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Let your imagination take flight as we embark on a journey through air, sea, outer space, spiritualism, and the surreal world of art and dreams.

Crossing the landscapes of four evocative islands on Scotland’s remote west coast, this excerpt reveals traces of a forgotten past. Stunning photography accompanies Hunter’s exploration of landscapes created by people, and the footprints they left behind.

Extract from The Small Isles By John Hunter Published by Historic Environment Scotland

At the turn of the 19th century the parish of the Small Isles, comprising Canna, Eigg, Muck and Rum, were visited by Sarah Murray, one of the few female visitors at that time. She described them as ‘emerging from legend’ – a particularly apposite phrase which, in archaeological terms, encapsulates the end of those centuries of which we know little, and the beginning of those years of which we know more. It was the time when the cultures of island communities were brought into the realities of an economic world which provided massive social change. In researching The Small Isles it soon became clear that the traditions and customs developed over hundreds of years in these four islands had become either depleted or erased in the first part of the 19th century. This was the result of eviction and emigration, enforced or otherwise, which saw the wholesale exodus of family units and social groups. These movements occurred throughout the Highlands, but their effects were most pronounced among the islands where the physical constraints of insularity shaped culture on a local scale. Reduced populations lived under new controls, former communal enterprises were no longer possible with a depleted population, social structures changed, and the way of life was fundamentally altered. Incomers arrived and within a few generations local cultural memories had faded and a new order developed. Place-names had become obsolete or altered, buildings and structures abandon...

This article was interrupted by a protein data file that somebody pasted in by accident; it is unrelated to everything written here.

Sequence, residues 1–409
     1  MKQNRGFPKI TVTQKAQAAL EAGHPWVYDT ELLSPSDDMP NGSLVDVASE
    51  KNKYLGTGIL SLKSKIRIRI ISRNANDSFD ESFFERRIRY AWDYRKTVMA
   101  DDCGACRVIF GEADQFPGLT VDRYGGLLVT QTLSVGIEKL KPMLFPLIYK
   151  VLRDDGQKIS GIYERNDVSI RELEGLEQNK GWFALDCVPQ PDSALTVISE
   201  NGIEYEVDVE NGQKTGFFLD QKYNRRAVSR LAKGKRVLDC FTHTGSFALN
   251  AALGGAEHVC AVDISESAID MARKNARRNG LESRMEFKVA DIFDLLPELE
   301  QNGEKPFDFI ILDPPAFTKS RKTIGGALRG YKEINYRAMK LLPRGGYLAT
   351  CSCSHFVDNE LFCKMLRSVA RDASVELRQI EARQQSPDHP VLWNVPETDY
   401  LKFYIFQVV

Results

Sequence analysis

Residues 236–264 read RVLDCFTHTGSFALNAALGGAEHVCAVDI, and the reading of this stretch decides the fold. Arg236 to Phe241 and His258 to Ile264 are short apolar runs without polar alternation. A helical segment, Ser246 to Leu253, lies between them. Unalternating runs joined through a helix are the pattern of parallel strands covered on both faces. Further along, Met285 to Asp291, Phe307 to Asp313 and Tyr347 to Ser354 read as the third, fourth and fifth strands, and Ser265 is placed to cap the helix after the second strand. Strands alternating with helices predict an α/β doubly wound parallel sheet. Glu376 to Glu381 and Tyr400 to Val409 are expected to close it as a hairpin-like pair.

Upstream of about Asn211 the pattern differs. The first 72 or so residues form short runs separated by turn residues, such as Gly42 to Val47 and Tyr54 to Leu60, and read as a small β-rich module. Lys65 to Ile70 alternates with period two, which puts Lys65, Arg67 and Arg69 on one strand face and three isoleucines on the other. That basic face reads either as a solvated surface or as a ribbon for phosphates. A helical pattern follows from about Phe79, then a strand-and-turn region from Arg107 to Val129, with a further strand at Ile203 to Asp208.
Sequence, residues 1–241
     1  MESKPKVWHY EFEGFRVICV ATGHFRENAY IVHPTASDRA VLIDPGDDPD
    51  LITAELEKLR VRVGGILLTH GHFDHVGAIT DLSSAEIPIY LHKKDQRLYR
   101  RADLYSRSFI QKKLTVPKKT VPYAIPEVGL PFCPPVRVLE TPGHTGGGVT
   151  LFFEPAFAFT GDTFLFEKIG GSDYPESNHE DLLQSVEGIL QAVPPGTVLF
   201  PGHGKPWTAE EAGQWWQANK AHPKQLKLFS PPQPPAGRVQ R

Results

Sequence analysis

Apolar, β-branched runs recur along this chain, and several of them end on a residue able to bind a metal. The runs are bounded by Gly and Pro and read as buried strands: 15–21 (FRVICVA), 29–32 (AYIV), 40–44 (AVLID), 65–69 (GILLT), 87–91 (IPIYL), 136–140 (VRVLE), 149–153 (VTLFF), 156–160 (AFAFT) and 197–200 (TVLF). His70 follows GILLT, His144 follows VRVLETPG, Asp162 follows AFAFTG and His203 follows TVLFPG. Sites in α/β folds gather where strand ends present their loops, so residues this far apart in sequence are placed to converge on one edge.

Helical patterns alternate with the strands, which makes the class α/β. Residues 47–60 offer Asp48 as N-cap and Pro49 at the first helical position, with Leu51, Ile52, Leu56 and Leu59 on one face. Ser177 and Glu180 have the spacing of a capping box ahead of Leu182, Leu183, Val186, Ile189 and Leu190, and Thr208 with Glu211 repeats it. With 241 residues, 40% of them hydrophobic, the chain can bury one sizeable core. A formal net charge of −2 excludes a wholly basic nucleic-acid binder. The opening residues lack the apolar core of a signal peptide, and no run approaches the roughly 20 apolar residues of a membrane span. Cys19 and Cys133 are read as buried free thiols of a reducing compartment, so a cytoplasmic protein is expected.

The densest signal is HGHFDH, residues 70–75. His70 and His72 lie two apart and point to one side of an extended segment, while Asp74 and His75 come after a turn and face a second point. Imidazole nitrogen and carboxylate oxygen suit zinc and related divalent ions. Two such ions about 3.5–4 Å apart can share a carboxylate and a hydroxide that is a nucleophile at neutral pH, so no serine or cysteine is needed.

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Visiting the Glasgow-based family-owned publishing house Brown, Son & Ferguson takes David Robinson back to when Clyde-built ships and Scottish captains ruled the waves. Founded in 1832, the company continues to publish a range of key titles used worldwide including the seminal Brown’s Nautical Almanac, once described as ‘the sailor’s bible’.

If you ever doubt that Glasgow – as opposed to Birmingham, Manchester or even Liverpool – was the second city of Empire, you can find proof in a most unlikely place.

Head south on the M8 towards Glasgow airport, look on your right as it sweeps through Craigton, and you’ll see a small industrial estate. For the last year, it’s been home to the publishing firm of Brown, Son & Ferguson. If you’ve ever been an officer on a merchant ship – and not just a British one either – you’ll already know who they are.

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